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British ‘crypto-hacker’, 24, who lives with his mum now at centre of FBI extradition probe

Bitcoin fraud: Victim discusses ‘warning bells’

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FBI agents claim Robert Barr scammed digital cash from a top US Bitcoin broker, among a string of other offences, while he was living with his mum in Ayrshire.

US prosecutors say the 24-year-old stole the seven-figure sum from Reggie Middleton – a Boston-based cryptocurrency dealer and transferred it to a separate account.

He is said to have worked with two others in an intricate con known as “sim swapping”, where hackers trick mobile phone firms into handing over details of their customers’ SIM cards.

The fraudsters then hack into the cryptocurrency accounts of the users or their wallets.

The computer whizz kid is wanted in the state of Georgia for the scam, as well as another seven charges including money laundering, identity theft and wire fraud.

Mr Barr was arrested by Scottish Police in February 2021, after a request from the US, and was remanded in custody but then later freed on bail – but last week lost a legal bid at Edinburgh Sheriff Court to have the case thrown out.

While his mum and stepdad claim they knew nothing about his alleged crimes, one of his former friends revealed how the skilled techy was part of a group who called themselves “The Hackers” during his teenage years.

He said: “We used to play at hackers when we were younger, going into people’s social media accounts.

“We were young, around 15-16ish, and, for me, it was fun. I liked things with fancy usernames so hacked Skype, Snapchats, stuff like that. You could take the accounts, often inactive and unused, so no loss to anyone, and sell them to other people who wanted that username”.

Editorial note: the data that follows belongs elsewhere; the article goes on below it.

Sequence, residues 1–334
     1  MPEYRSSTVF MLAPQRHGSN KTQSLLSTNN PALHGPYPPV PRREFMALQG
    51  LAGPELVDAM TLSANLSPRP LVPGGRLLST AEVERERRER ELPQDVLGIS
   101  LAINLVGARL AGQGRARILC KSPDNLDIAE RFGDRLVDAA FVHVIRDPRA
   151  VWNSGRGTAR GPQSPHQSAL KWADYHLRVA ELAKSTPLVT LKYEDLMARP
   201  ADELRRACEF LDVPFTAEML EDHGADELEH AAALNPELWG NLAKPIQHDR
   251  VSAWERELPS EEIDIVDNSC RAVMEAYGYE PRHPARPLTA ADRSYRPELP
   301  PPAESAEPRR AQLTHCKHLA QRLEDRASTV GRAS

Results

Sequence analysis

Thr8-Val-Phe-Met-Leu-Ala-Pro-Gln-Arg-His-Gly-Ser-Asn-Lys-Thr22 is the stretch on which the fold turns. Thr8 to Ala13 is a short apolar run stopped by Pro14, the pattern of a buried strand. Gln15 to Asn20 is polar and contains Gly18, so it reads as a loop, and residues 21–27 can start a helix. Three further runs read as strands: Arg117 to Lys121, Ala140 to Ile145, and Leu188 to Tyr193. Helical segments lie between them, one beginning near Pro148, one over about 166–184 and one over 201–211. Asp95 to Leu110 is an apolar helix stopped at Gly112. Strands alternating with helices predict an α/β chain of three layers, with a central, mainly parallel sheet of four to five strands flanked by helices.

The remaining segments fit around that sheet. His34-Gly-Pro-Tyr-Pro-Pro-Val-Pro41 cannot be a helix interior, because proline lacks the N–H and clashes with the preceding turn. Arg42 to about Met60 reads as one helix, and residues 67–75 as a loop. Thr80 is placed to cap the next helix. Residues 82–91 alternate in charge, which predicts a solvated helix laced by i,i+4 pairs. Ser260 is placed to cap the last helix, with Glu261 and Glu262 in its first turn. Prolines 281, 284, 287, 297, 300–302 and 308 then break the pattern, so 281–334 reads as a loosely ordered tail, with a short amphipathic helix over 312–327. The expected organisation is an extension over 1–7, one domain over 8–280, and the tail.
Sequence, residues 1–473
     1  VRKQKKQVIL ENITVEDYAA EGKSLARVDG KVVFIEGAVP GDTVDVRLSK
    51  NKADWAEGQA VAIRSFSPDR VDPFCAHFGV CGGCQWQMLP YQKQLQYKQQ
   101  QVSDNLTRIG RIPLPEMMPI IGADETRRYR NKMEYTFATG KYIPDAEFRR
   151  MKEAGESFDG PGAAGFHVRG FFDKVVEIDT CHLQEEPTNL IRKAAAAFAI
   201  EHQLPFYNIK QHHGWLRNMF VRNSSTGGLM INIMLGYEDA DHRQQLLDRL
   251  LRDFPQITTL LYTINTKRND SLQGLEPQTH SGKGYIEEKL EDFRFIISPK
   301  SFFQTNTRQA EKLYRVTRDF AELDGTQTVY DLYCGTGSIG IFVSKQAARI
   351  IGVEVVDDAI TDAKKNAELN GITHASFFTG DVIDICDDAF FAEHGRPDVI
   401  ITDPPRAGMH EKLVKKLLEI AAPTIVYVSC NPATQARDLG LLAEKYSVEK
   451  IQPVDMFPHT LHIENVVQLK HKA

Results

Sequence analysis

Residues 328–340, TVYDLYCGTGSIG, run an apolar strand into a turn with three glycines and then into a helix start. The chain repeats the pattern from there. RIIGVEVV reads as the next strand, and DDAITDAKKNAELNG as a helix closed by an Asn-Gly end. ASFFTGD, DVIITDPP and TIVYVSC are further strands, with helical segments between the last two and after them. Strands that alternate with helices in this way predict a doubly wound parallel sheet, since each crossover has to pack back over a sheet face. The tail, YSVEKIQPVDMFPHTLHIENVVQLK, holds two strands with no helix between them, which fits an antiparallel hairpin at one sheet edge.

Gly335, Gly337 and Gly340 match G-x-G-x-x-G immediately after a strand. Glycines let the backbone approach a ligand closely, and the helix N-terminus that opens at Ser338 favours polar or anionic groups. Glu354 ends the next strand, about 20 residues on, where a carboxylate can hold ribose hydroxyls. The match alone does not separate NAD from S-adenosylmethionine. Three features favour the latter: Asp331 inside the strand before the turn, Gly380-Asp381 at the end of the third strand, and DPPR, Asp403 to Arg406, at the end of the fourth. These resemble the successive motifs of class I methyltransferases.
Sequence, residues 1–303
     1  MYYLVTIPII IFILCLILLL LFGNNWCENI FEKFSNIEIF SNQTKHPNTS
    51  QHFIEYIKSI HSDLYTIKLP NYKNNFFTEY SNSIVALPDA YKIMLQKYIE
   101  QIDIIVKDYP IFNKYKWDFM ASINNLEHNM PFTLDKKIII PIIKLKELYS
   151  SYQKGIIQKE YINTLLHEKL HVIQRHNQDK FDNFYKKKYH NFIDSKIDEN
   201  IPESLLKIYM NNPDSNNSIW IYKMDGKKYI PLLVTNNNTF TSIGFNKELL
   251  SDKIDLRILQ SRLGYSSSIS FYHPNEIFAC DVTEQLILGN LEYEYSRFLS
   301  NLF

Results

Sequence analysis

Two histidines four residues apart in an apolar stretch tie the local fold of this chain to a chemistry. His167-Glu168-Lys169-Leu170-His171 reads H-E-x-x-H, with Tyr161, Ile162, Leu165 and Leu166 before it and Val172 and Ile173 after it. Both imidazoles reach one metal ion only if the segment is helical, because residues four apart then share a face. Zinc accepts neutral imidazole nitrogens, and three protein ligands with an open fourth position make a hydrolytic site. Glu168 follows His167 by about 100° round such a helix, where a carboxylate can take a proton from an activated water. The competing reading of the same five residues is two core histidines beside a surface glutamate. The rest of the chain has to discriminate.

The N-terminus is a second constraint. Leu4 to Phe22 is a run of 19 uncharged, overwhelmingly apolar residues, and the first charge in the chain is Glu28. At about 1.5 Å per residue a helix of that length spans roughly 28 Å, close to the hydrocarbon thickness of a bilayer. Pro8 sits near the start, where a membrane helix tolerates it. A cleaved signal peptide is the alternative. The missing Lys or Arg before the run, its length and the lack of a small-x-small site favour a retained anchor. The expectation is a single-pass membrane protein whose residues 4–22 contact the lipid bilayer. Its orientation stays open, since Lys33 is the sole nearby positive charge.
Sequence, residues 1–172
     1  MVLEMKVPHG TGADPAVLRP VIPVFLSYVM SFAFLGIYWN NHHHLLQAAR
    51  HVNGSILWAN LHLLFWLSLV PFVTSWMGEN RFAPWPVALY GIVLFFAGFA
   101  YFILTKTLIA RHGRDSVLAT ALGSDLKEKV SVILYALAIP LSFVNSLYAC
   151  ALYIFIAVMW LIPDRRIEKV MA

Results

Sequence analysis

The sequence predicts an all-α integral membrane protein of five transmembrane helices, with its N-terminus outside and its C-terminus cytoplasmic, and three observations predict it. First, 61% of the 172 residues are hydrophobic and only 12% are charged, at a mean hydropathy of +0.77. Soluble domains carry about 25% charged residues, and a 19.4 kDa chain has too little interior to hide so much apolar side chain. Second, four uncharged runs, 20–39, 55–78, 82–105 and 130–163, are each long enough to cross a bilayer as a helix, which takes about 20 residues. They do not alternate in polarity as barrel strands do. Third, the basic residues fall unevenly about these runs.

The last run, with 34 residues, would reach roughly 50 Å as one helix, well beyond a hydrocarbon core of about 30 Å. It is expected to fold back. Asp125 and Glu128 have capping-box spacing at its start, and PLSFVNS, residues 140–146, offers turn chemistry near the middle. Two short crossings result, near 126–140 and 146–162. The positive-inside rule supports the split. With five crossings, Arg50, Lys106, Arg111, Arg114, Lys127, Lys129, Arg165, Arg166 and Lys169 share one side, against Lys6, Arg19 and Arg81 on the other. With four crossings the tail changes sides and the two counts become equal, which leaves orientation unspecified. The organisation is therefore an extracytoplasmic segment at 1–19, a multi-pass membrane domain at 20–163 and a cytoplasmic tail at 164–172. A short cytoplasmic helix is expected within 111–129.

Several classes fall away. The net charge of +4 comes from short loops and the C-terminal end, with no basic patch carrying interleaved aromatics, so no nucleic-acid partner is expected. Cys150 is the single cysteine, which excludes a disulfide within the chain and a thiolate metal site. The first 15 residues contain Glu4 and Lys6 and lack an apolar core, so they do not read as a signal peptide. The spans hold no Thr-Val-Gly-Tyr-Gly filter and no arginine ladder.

The long list of alleged cryptocurrency crimes are believed to have taken place in May and July 2017, when Barr and another accused hacker, American Anthony Frances Faulks, are accused of devising a scheme to use the victim’s mobile number to access his email and other accounts.

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It is believed the two savvy hackers swindled a second person of more than £485,000 with the same scam and are alleged to have divided the proceeds among themselves to “conceal their identity” and the “illegal transfer of funds”.

After he was arrested last year, Barr appeared at Edinburgh Sheriff Court and was remanded in custody before extradition proceedings were formally started in April last year.

The following month he appeared by video link from prison and the case was continued until October when he was given bail to the home of his mum Sallyann Gilchrist in Kilbirnie.

Mr Barr looks set to face an extradition hearing later this year, believed to possibly be in November. However, no formal date has been set just yet.

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